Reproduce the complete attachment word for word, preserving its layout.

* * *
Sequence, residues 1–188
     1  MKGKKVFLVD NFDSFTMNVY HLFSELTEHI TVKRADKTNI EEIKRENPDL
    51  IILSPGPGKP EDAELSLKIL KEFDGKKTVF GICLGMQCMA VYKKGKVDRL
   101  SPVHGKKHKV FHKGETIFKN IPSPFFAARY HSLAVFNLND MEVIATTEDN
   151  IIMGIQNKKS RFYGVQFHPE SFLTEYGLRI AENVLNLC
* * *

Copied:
Sequence, residues 1–188
     1  MKGKKVFLVD NFDSFTMNVY HLFSELTEHI TVKRADKTNI EEIKRENPDL
    51  IILSPGPGKP EDAELSLKIL KEFDGKKTVF GICLGMQCMA VYKKGKVDRL
   101  SPVHGKKHKV FHKGETIFKN IPSPFFAARY HSLAVFNLND MEVIATTEDN
   151  IIMGIQNKKS RFYGVQFHPE SFLTEYGLRI AENVLNLC